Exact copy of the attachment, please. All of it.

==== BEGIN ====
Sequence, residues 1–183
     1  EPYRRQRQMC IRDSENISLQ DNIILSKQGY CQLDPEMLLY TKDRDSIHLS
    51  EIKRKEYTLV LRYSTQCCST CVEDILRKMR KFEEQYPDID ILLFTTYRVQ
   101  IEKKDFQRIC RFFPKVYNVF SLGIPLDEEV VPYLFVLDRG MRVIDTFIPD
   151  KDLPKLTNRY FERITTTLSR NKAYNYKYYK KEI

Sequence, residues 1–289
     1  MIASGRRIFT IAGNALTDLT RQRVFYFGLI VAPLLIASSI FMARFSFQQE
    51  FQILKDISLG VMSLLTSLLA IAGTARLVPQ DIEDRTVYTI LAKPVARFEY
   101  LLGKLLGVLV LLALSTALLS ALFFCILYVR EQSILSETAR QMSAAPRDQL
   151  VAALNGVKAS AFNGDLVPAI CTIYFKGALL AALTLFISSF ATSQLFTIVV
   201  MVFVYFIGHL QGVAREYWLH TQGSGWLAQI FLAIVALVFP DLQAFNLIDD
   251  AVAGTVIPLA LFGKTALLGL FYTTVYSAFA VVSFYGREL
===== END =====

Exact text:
Sequence, residues 1–183
     1  EPYRRQRQMC IRDSENISLQ DNIILSKQGY CQLDPEMLLY TKDRDSIHLS
    51  EIKRKEYTLV LRYSTQCCST CVEDILRKMR KFEEQYPDID ILLFTTYRVQ
   101  IEKKDFQRIC RFFPKVYNVF SLGIPLDEEV VPYLFVLDRG MRVIDTFIPD
   151  KDLPKLTNRY FERITTTLSR NKAYNYKYYK KEI

Sequence, residues 1–289
     1  MIASGRRIFT IAGNALTDLT RQRVFYFGLI VAPLLIASSI FMARFSFQQE
    51  FQILKDISLG VMSLLTSLLA IAGTARLVPQ DIEDRTVYTI LAKPVARFEY
   101  LLGKLLGVLV LLALSTALLS ALFFCILYVR EQSILSETAR QMSAAPRDQL
   151  VAALNGVKAS AFNGDLVPAI CTIYFKGALL AALTLFISSF ATSQLFTIVV
   201  MVFVYFIGHL QGVAREYWLH TQGSGWLAQI FLAIVALVFP DLQAFNLIDD
   251  AVAGTVIPLA LFGKTALLGL FYTTVYSAFA VVSFYGREL